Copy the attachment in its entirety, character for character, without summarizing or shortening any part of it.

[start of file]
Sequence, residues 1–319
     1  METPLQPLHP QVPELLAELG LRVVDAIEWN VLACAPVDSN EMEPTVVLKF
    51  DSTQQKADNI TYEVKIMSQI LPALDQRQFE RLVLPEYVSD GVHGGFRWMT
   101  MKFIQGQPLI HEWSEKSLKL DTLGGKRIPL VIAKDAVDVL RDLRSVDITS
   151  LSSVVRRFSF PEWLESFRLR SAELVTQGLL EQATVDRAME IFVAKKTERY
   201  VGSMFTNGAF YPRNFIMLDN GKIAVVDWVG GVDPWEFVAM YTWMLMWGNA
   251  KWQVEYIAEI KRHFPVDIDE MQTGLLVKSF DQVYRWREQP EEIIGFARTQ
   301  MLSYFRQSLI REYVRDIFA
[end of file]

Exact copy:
Sequence, residues 1–319
     1  METPLQPLHP QVPELLAELG LRVVDAIEWN VLACAPVDSN EMEPTVVLKF
    51  DSTQQKADNI TYEVKIMSQI LPALDQRQFE RLVLPEYVSD GVHGGFRWMT
   101  MKFIQGQPLI HEWSEKSLKL DTLGGKRIPL VIAKDAVDVL RDLRSVDITS
   151  LSSVVRRFSF PEWLESFRLR SAELVTQGLL EQATVDRAME IFVAKKTERY
   201  VGSMFTNGAF YPRNFIMLDN GKIAVVDWVG GVDPWEFVAM YTWMLMWGNA
   251  KWQVEYIAEI KRHFPVDIDE MQTGLLVKSF DQVYRWREQP EEIIGFARTQ
   301  MLSYFRQSLI REYVRDIFA